You know the market has come full circle from the credit crisis when financial stocks are what investors are buying for protection.
It’s happening in the Standard & Poor’s 500 Index, where banks and insurers have rallied for five of the last six weeks as drugmakers and household product manufacturers were left behind. Dividend-paying companies such as utilities and property owners, normally considered havens in times of turbulence, have suffered some of the worst losses in years.
The rotation is one of several gripping markets after the prospect of higher inflation and interest rates spurred a selloff on bonds and halted the dollar’s biggest advance in at least 10 years. It’s good news for mutual funds, who had one of their worst years in a decade partly due to embracing banks and avoiding utilities.
“You’re in the midst of a reflation trade,” said Brent Schutte, senior investment strategist at BMO Global Asset Management in Chicago. The firm manages about $240 billion. “People are beginning to think that global growth may improve toward the end of the year, or at least the deflationary forces that are artificially driving things down are now ebbing.”
The shift reflects a growing expectation that central bank stimulus will put to rest the threat of deflation that haunted Europe and Japan since at least 2009. While strengthening global growth is taking the shine off American equities as a whole, the prospect of higher interest rates and a weaker dollar is making banks and multinationals more appealing.
The S&P 500 slipped 0.5 percent at 4 p.m. in New York.
With profit pressure poised to ease as borrowing costs rise, financial stocks in the S&P 500 have extended a rally that began in January to 7.4 percent. Over the same stretch, shares of power producers have declined 9 percent -- the biggest gap in three years.
“There is more inflation being built into the steeper yield, and a steeper yield curve has been a missing component of the financial sector backdrop for years,” Joe Quinlan, New York-based chief market strategist at U.S. Trust, which oversees about $391 billion, said by phone. “The U.S. economy saved the rest of the world in the second half of last year and now the rest of the world will return the favor to the U.S.”
Low interest rates crimped banks’ profitability last year, with net interest margin, the difference between what a firm pays in deposits and charges for loans, reaching a record-low of 3.1 percent, according to St. Louis Fed data.
Financial shares have beaten utilities every month since January as yields on 10-year Treasury notes climbed to as high as 2.24 percent from a low of 1.64 percent. JPMorgan Chase & Co. has jumped 13 percent in the past three months, reaching a 15-year high, while Goldman Sachs Group Inc. is up 9.3 percent.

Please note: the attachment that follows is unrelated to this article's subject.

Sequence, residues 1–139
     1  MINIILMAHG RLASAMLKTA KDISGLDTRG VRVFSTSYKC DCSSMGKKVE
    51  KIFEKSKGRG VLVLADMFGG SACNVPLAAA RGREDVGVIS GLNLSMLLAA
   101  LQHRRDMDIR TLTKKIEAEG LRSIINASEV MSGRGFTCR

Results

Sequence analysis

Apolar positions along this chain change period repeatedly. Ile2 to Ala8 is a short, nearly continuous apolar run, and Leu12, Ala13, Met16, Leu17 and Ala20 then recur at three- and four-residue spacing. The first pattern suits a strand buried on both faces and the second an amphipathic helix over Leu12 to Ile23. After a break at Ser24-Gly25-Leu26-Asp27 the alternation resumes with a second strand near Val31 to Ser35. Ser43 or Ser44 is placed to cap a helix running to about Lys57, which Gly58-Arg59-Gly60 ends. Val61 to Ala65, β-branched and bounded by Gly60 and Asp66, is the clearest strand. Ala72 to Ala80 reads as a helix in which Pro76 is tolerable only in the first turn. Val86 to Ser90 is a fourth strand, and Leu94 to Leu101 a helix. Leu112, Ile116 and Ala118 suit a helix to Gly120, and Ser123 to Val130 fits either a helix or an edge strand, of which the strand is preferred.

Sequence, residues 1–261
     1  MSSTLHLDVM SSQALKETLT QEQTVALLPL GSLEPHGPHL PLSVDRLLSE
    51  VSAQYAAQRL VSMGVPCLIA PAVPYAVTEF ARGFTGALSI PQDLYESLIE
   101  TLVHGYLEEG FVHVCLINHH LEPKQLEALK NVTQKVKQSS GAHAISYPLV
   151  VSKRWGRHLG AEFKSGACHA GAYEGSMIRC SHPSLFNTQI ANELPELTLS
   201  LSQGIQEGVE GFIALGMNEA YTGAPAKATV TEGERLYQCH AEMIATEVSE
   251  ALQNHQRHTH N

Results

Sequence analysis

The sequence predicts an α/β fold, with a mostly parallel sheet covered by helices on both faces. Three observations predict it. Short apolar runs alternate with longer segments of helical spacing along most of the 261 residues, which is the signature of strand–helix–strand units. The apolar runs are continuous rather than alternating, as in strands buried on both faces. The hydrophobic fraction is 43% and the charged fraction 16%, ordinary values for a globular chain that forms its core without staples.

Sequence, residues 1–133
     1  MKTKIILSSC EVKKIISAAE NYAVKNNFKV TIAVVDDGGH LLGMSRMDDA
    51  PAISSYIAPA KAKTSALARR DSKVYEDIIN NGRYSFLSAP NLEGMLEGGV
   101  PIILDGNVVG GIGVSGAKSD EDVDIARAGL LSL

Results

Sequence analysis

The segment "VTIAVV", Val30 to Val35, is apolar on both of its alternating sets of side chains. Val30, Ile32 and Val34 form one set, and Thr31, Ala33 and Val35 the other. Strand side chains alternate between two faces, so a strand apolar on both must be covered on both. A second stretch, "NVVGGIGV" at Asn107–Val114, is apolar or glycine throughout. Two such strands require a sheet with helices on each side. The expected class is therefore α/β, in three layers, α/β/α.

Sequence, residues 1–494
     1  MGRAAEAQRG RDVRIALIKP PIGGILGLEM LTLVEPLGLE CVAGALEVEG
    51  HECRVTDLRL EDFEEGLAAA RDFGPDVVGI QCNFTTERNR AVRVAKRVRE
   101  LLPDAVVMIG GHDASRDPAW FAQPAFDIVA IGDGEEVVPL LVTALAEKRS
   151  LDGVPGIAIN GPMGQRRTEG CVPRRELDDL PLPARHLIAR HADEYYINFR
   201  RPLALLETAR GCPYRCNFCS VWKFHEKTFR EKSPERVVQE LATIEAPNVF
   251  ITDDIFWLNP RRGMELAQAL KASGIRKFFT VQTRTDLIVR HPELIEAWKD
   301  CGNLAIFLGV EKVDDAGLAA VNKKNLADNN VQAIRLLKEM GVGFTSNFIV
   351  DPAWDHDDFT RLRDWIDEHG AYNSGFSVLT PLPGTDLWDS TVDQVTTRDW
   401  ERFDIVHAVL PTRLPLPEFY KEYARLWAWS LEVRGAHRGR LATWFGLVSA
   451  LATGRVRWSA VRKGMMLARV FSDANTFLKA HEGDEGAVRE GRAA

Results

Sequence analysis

As rising bond yields cut the allure of dividends, an S&P index of real estate investment trusts has lost 9.2 percent from its 2015 peak.
Likewise, with the dollar falling almost every week since a 12-year high in March amid economic data that missed economists’ forecasts by the most in six years, the largest American companies have reasserted themselves in the equity market.
The 100 biggest companies in the S&P 500 advanced 1.6 percent in April, compared with a 2.6 percent loss in the Russell 2000 Index of small-caps. A month earlier, megacaps trailed by about the same magnitude, making the reversal the biggest since 2002.
While the rotation among sectors is swift, it has done little to help the broader market break out of its trading range with the Federal Reserve standing by to raise interest rates. The S&P 500, after surging more than 200 percent since 2009, is up 2.8 percent this year, trailing almost all other developed markets tracked by Bloomberg.
America’s market share in global equities is sinking at the fastest rate since the 2008-2009 financial crisis. At $24.6 trillion, the U.S. accounts for 35 percent of the world’s stock capitalization, down from 38 percent at the start of 2015.
“We’ve come pretty far, pretty fast for the U.S. market and it only makes sense to take a look abroad,” said Brad McMillan, chief investment officer of Waltham, Massachusetts-based Commonwealth Financial Network, which oversees $97 billion. “The market is digesting slower U.S. growth and for the Fed to start raising rates. Part of the response to that is you want to go with a little bit of defensive strategy and certainly megacaps enable you do that.”
Buying financials and selling utilities proved similarly profitable during the 2013 runup in bond yields known as taper tantrum. Over the months when 10-year Treasury yields climbed from 1.63 percent in May to 2.99 percent in September, banks jumped 6 percent, while utilities tumbled 11 percent.
A lasting outperformance in banks may bode well for mutual funds, who according to Goldman Sachs’ February survey have favored financials over utilities in the past 12 months. That strategy backfired last year, when power producers posted the best return in the S&P 500, surging 24 percent and almost doubling the gain in lenders.
“We’re in the early days of a likely directional change in U.S. monetary policy,” said Michael Cuggino, who helps manage about $5 billion at Permanent Portfolio Family of Funds Inc. in San Francisco. “Investors are game-playing the equity market due to the expected rise in interest rates.”